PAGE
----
"And then you go into, 'Do you bend yourself over backward and be something that you're not … [No], you treat [Gordon] with great respect and care and be honest with him and [agent] Mark Bartelstein, and have Joe Ingles, who also has Mark Bartelstein, come in and develop as a 27-year-old.

"You're hopeful that just operating from a value-based standpoint, operating from a position of truth and humility will be enough. Let's be frank, we have an incumbent advantage. We have a fifth year and higher raises and a state that isn't very expensive to live in, and a great coach.

"And think about this: If you're a primary player anywhere in the NBA, let's set Gordon aside, and you have a true franchise cornerstone in Rudy Gobert, who doesn't really need the ball to contribute, then that's more possessions for the 1, 2, 3, and 4s. We don't care if Rudy Gobert turns into Hakeem Olajuwon. We just want him to be the best version of Rudy Gobert that he can be. If you're looking at it from a free agent's standpoint, where do I have to go and share the ball with someone? There's only 90 to 100 possessions in a game, you can only divide that up so many ways.

"The best way to summarize it is, just day to day, do the right thing. Then, you can look at yourself in the mirror and say, 'We did everything possible to keep a good player.'"

There you have it.

The Jazz will sell to Hayward the franchise's facilities and commitment, the quality of the coach, the other players, the club culture and makeup, the fact that the other biggest star on the team — Gobert — does not need or demand the ball at the offensive end, leaving more opportunity for Hayward to take shots, to pile up numbers and glory, to be the star he's been so happy to become this season. On account of league rules, they will offer Hayward more money and a longer deal than anyone else can. And, finally, they will underscore and count on the fact that they are good, capable people who do things the right way and who will earn Hayward's loyalty.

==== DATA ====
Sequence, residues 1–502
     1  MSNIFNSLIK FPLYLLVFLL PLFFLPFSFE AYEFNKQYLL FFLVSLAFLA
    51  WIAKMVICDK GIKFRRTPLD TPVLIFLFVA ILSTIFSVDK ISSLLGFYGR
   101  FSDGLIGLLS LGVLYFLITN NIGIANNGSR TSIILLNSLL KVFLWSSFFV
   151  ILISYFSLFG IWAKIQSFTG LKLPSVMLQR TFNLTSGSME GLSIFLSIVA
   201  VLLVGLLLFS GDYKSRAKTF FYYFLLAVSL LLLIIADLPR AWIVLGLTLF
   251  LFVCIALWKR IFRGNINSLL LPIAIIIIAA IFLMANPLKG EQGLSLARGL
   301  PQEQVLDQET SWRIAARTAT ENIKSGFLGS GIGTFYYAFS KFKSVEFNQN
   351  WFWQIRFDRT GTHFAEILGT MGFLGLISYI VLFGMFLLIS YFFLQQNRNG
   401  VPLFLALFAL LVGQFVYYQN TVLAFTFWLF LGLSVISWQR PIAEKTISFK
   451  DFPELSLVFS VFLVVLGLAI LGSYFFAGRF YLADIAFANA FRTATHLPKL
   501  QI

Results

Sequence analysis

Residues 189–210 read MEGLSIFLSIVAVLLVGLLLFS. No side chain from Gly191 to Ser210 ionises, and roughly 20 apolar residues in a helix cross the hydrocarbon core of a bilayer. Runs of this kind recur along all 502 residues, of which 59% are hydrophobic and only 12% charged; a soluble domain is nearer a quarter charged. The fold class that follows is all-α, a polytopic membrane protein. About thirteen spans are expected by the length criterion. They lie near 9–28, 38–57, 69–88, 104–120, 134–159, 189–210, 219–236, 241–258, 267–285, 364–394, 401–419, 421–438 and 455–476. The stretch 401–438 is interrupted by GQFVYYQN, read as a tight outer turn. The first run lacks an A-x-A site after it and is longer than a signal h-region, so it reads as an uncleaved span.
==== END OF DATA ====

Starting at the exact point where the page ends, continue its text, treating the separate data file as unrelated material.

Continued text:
Which is to say, the Jazz will do everything they can to keep the man they drafted in 2010, the one who told them he could be the guy and who, in fact, when given the chance, actually became the guy. They'll pay him a ridiculous amount of money, they'll go on tossing him the keys to the car and let him drive the thing hard moving forward. They'll sign whoever else they can to maintain the Jazz as a legitimate team, which includes targeting Hill.

The irony in all of that is this: Hayward has indicated, outside of money, his primary emphasis is winning, contending for a championship. If he plays up to the form he has shown this season, the Jazz's chances for that kind of success are greatly enhanced. If he doesn't, they are not. So, if he holds up his end of the deal, and others contribute sufficiently, he'll win and he'll want to stay. If he doesn't …

Everybody panic. Stars overhead be damned. That rebuilt engine could be in pieces all over a very earth-bound road.

GORDON MONSON hosts "The Big Show" with Spence Checketts weekdays from 3-7 p.m. on 97.5 FM and 1280 AM The Zone. Twitter: @GordonMonson.